No one knows what caused my break, and initially I was told it was temporary. Eventually, I came to understand my experience as post-traumatic stress disorder (PTSD) with psychotic features. And the condition was not temporary — despite the optimism of some of my doctors, I eventually had to accept my condition as permanent. Also, with each attempt to take me off medications and despite my best efforts, I could not recognize my own return to psychosis. Each time, I lacked this insight. One psychiatrist asked me, “You do know the devil is not taking over your soul, right?” He was very kind and concerned. I responded, “I wish I did, but no, that’s what I believe.”
What do I wish people understood better given these experiences? Here are five main points:
1. Even if the person cannot express it, they are likely terrified, and will probably remember afterwards what happened to them when they were psychotic.
Many times people with psychosis are only depicted as scary, violent or dangerous. However, someone experiencing psychosis is more likely to experience violence than perpetrate it. I was terrified. I remember the beliefs I had when I was psychotic and how people treated me. The people who were most helpful were not scared of me and recognized it was me who was really afraid.
2. Ask someone what is making them afraid. Do not jump to restraints.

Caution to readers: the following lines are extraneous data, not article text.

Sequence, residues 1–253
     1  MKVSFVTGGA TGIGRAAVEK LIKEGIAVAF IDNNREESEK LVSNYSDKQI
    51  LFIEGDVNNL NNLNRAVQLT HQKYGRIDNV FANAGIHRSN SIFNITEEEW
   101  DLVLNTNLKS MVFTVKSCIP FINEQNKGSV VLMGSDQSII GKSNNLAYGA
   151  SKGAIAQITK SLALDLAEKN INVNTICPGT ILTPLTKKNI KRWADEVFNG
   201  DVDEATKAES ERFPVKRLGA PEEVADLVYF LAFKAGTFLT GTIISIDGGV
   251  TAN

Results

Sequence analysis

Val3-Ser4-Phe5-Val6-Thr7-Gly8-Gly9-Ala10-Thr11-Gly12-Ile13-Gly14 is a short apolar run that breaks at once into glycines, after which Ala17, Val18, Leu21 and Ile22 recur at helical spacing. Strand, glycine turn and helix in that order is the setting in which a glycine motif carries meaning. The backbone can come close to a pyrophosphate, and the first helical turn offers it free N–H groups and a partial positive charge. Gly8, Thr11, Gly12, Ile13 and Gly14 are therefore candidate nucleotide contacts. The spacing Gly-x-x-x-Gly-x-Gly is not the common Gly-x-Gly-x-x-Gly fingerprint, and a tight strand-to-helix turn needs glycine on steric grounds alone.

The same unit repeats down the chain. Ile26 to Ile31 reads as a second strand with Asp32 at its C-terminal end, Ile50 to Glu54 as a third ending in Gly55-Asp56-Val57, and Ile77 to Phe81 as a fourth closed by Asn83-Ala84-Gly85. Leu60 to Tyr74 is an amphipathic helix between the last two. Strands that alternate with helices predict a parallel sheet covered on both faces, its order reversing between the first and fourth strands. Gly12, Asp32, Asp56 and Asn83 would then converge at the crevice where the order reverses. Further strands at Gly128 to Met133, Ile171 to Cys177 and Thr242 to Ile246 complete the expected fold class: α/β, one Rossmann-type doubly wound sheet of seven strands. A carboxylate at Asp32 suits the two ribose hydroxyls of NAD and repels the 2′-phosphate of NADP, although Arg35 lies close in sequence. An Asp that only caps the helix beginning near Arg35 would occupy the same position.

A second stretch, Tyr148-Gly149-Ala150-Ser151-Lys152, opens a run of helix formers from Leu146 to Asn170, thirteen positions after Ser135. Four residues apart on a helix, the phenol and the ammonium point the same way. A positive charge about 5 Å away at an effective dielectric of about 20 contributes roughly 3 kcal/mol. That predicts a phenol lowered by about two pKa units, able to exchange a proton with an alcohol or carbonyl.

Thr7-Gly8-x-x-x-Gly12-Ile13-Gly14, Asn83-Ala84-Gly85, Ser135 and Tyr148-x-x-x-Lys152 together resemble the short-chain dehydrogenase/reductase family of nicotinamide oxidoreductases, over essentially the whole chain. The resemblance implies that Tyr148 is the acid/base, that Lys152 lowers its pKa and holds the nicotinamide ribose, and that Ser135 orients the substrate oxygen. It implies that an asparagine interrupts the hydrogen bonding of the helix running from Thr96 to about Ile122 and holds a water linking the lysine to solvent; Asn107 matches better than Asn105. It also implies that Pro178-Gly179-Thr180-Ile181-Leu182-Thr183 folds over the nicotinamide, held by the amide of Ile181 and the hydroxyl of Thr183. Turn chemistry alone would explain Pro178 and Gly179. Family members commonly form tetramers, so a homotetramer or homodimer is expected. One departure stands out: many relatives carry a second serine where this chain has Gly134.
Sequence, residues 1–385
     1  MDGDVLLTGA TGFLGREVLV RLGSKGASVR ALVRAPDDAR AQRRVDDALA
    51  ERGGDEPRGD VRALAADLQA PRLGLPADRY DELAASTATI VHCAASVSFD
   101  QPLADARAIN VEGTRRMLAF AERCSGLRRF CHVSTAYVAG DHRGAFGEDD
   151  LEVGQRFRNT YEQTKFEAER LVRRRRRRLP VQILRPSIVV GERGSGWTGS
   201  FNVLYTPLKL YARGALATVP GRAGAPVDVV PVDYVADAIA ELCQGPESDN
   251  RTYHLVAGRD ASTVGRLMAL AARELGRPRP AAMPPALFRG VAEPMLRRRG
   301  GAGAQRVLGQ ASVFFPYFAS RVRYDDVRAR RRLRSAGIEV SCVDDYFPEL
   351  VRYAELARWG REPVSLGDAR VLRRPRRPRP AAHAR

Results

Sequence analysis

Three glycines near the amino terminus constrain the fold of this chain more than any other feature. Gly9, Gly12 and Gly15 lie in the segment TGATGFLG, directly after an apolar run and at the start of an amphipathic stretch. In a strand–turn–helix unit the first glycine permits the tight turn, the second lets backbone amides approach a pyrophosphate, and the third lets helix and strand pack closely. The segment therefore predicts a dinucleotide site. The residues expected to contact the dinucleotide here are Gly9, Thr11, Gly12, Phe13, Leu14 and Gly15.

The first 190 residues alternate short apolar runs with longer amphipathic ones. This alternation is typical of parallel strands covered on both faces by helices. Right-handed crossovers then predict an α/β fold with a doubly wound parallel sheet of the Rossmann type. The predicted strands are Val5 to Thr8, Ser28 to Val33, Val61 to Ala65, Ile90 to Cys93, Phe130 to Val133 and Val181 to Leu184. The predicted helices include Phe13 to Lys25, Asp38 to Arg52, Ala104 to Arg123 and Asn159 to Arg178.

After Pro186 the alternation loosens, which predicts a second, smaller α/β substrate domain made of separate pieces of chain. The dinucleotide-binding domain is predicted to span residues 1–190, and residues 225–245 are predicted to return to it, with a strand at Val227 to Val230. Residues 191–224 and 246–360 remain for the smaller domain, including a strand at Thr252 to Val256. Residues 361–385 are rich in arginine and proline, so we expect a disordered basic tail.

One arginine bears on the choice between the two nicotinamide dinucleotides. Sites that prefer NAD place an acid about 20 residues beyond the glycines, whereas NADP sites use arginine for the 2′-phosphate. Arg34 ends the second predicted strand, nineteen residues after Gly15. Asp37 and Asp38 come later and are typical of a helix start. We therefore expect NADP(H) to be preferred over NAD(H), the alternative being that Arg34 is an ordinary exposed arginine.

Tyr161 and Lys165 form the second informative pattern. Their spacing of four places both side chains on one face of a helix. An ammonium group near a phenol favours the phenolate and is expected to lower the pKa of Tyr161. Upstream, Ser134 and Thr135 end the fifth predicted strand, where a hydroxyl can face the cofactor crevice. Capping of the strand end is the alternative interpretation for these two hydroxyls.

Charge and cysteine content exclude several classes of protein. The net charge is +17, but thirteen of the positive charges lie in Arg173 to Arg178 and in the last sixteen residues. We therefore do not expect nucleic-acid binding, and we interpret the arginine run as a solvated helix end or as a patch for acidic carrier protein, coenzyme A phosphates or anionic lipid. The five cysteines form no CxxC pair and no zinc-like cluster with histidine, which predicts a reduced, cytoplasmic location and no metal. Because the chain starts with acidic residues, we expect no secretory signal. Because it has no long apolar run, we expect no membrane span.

If someone experiencing psychosis screams or yells but is nonviolent, ask them why they are afraid. Reassure them you will help keep them safe. Ask if they would like something to calm them — their phone with music, a pillow to hold or someone close to them to wait with them.
3. Psychosis does not end when the medications work or other interventions work.
Psychosis is traumatic. It’s difficult to feel like you cannot trust your mind. The experience should be treated like a potential trauma in itself, as should involuntarily hospitalization. The mind and nervous system need to recover. I started running. This allowed me to discharge anxiety and feel strong again. One hospital I stayed in had a garden and exercise equipment — which was much better than restraints.
4. Remember the person experiencing the episode is a human being.
My initial story about the doctor who dismissed me shows that too often, professionals treat patients in a dehumanizing way. It probably never occurred to him I was lonely and that I really was finishing my PhD. Also, it may not have occurred to him that I really did not understand what was happening. Take the time to orient the person to the situation. A person is not their symptoms. People receiving treatment want to be recognized as valuable.
5. Psychosis also traumatizes family members.
My husband so often was left baffled about what was happening to me. He called social workers who never returned his calls. He wondered why doctors were in such a rush when he wanted answers. He was scared too. Family members deserve kindness and support.
I am a mental health professional who has been recovering for eight years. And although I have had painful encounters with stigma that have affected my trajectory as much as the illness itself, I believe those of us in the field who have experienced psychosis can contribute an important voice. Those who experience psychosis deserve a holistic and human approach, one that builds upon the person’s resilience, rather than further depleting it.
Follow this journey on Genesis.